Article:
This article arises from Future Tense,a collaboration among Arizona State University, the New America Foundation, and Slate.
When I tried to use my Yahoo account Tuesday to send an email mentioning the website OccupyWallSt.org, an ominous, bright yellow notice warned me that the "message was not sent" and "my account was temporarily blocked." I tried other URLs, including "ilovewallstreet.org," which zipped along unmolested. It seemed that Yahoo was only blocking messages mentioning the URL OccupyWallSt.org.
"Censorship! Silicon Valley protecting Wall Street," cried indignant people on my Twitter timeline. The uproar caught the attention of blogs like ThinkProgress. Finally, Silicon Valley was caught with its fingers in the Wall Street cookie jar! Silicon police state!
My tweeps are wrong. The problem isn't censorship; it's much worse. A myopic business model is threatening the health of the Internet. Ironically, it's not even that good for business.
In truth, Yahoo probably isn't out to block this or that political URL (the red-faced company quickly apologized). Wall Street is part of the problem—not because it imposes content censorship, but rather because it imposes a certain financial logic based more on cutting costs in the very short term as opposed to making money in the mid- to long-term.
Ads on the Web are not very effective. It's easy to block or ignore most of them. Unfortunately for Internet businesses, advertisers know this and do not pay as much for Web ads. Coupled with the "Sooo, what're yer numbers this quarter?" method of penny-wise, pound-foolish economics imposed by Wall Street, most Web businesses have turned to "cut costs to the bone" model. And that means fewer human employees, more automation, more algorithmic rigidity, less judgment, less flexibility, and slower response times.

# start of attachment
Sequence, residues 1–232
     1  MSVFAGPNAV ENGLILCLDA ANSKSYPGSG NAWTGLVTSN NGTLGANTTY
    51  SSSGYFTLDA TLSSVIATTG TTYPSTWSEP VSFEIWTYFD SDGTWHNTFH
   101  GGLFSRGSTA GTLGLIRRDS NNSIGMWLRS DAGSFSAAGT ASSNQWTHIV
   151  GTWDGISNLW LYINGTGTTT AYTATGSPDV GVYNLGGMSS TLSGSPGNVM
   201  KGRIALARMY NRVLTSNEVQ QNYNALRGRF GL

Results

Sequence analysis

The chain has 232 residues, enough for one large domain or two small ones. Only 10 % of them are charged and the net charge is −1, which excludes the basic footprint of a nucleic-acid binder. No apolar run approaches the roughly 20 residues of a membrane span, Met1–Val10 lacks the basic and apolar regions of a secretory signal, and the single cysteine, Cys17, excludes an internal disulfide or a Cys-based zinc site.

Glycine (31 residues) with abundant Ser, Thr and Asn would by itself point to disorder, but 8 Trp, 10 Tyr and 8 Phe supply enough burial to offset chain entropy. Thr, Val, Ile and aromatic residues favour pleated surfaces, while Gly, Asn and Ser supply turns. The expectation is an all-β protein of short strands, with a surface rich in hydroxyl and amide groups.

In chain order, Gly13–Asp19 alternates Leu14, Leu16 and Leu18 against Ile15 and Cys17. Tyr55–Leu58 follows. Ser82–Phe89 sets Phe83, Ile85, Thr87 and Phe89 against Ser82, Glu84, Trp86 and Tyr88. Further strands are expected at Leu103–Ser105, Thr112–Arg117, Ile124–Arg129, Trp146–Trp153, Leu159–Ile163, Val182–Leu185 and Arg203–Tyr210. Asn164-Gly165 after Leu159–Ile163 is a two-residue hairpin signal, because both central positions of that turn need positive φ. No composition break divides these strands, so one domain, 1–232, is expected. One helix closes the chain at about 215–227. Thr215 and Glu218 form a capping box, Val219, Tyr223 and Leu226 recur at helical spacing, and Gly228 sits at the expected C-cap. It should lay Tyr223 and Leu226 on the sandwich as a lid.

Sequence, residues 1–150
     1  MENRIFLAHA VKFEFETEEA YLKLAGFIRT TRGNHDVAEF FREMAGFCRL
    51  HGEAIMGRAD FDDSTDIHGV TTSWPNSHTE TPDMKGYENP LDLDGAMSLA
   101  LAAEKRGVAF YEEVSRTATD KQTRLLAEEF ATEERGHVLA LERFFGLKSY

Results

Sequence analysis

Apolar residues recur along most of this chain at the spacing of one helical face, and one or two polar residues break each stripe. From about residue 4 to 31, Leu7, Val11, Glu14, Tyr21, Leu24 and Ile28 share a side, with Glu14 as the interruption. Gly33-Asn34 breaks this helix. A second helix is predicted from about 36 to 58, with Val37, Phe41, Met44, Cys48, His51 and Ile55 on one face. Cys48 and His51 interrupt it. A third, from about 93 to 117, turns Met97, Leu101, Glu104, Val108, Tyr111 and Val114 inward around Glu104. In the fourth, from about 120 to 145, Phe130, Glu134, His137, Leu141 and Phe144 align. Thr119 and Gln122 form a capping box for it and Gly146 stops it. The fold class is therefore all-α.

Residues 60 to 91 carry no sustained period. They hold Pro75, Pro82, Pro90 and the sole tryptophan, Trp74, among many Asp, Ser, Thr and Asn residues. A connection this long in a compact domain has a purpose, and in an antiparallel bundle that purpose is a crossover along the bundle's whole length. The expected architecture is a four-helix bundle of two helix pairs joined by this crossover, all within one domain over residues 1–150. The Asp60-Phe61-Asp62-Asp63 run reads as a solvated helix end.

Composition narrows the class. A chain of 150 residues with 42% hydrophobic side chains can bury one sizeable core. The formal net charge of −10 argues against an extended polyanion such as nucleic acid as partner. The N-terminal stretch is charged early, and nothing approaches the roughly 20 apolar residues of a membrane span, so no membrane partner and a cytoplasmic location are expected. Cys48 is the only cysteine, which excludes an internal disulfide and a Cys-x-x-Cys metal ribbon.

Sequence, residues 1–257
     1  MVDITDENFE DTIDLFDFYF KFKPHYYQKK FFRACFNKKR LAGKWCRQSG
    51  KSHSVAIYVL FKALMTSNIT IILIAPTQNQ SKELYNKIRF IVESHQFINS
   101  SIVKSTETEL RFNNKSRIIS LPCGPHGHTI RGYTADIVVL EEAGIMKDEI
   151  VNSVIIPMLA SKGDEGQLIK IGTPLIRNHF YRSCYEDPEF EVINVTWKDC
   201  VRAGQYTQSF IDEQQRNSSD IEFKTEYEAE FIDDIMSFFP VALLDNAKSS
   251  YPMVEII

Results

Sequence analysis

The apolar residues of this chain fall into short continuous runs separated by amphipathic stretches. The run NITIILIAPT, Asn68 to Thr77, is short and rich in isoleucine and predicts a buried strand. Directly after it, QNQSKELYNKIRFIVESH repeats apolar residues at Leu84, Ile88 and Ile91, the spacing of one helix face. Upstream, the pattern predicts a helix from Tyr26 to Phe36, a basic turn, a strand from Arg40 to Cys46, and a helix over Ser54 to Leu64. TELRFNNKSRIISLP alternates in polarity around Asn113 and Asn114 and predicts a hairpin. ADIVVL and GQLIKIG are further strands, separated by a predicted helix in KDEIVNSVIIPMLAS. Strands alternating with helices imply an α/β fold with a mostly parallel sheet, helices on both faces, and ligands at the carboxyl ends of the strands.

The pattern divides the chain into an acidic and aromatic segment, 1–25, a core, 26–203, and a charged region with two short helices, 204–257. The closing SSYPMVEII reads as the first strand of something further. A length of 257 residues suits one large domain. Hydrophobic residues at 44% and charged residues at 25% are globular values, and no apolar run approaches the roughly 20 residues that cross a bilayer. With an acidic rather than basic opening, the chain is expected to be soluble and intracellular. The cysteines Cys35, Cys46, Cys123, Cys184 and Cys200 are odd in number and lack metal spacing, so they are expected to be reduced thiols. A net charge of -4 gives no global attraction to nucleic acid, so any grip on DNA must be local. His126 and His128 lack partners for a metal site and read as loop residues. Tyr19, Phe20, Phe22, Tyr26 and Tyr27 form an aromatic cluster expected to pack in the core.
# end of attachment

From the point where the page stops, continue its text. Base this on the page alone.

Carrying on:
We are ruled, in effect, by small dictators and big bots. And this unelected, inefficient, and sometimes-petty tyranny is throttling the growth of a vibrant, healthy Internet and fuels many problems ranging from inane "real name" policies on sites like Google+—where people can be asked for official proof of identity if their account is flagged as a nickname—to major disruptions in connectivity. This is terrible because the Internet is not just any widget—it's increasingly the heart of our networked commons. Dominance of a bad business model on the Internet doesn't just result in bad products; it results in unhealthy social dynamics.